Click here to visit our sponsor

Lawrence Hargraves.

Lawrence Hargraves was born in England, 1850 the son of a judge. When he was fifteen Hargraves moved to Australia where his father became judge in the Supreme Court of Australia. He became interested at an early age at the possibility of powered flight. Hargraves refused to patent any of his inventions, instead preferring them to benefit anybody who wished to use them. Lawrence Hargraves made a very important contribution to aeronautics when he invented the cellular or box kite. Hargrave's experiments with kites were really took place in order to further his knowledge of powered flight.

Hargraves invented the box kite in 1893. He built a large number of model aeroplanes and kites during 1893. His experiments developed various forms of plane-surfaces, dihedrals (an angle formed by two plane surfaces) and box kites. Hargraves kept all his detailed notes of all the experiments that took place and even flew himself beneath a train of box kites to a height of 16ft.

Hargraves made a number of models during this period. The models were made from a variety of materials ranging from tin sheet to redwood and veneer. The models were a combination of both dihedral and cellular kites. These models helped Hargraves to invent the Box Kite.

Press on the following link to view six of the models. Hargraves Models.

Hargraves made a major contribution to the study of aerodynamics (the study of the effect that a solid body has on air, when travelling through it), when his experiments were influential in the development of the cambered aerofoil (a structure with curved surfaces which gives lift when in flight). The tailplane, wing and fin are examples of aerofoiles.

Hargraves used Horatio. F. Phillips findings in 1880 to help him increase the efficiency of his box kite. Phillips created the double-surfaced aerofoil. This type of aerofoil was capable of producing a lower pressure above the wing surface than below. The difference in pressures would certainly allow the wing to rise faster.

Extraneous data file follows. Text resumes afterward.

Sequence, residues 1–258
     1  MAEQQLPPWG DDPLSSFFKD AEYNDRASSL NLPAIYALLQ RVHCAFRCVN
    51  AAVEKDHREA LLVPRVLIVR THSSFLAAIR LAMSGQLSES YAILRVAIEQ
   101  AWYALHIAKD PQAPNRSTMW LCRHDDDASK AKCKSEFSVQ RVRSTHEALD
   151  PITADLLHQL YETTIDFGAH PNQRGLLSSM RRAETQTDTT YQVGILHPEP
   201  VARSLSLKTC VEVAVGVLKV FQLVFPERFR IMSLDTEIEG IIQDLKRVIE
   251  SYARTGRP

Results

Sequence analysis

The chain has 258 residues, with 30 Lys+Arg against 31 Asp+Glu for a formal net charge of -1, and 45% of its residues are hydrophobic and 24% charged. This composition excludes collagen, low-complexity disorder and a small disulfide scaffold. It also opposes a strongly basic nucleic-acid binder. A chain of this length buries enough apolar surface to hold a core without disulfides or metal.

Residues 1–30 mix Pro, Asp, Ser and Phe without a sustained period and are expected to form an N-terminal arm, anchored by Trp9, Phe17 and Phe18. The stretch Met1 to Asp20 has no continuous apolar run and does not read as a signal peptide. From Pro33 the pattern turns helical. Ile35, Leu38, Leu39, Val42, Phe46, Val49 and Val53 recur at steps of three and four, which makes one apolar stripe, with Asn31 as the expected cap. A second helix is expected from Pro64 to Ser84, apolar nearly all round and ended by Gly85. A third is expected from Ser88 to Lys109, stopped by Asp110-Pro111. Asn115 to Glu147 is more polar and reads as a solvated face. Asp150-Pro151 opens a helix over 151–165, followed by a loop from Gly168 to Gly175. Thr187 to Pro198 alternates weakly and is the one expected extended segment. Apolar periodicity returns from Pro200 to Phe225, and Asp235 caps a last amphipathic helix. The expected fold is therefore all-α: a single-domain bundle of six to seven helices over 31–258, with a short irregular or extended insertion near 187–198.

Hargraves gave up all experiments a year later after he repeatedly failed to create powered flight. The image below shows the Single-celled, reflex-curved aerofoil kite, designed by Hargraves.

The Royal Aeronautical Society has lent it to the Science museum.

Press on the link to see the model of Hargrave's box kite aeroplane. It incorporates the single-celled, reflex-curved aerofoil kite.

Courtesy of The Royal Aeronautical Society.

The images below show two model, soaring kites of Hargraves, produced in 1893. His inspiration were the soaring wings of the albatross (a bird with the largest of wing spans).

Most of Hargraves models were destroyed in the Second World War when the Allies bombed the Munich Museum they were being displayed in. The famous Wright brothers later incorporated Hargraves ideas to improve the performance of their gliders after 1899. The Wright brothers were responsible for pushing the frontiers of powered flight. Many of Hargraves box kite ideas were later on incorporated into powered flight vehicles.

The images are courtesy of the Royal Aeronautical Society.

The image below shows the final perfected version of the Hargraves box kite, 1893. The box kite could be folded easily for transportation. The spars (poles) were streamlined to reduce the wind resistance and the cords in the middle could be adjusted in order to gain maximum vertical and horizontal tension of all of the surfaces.

The kite was flown from a single line attached to the fulcrum or balance point below the kite. This point can be seen on the image below.

It was lent to the Science Museum, London by Sir Richard Threlfall.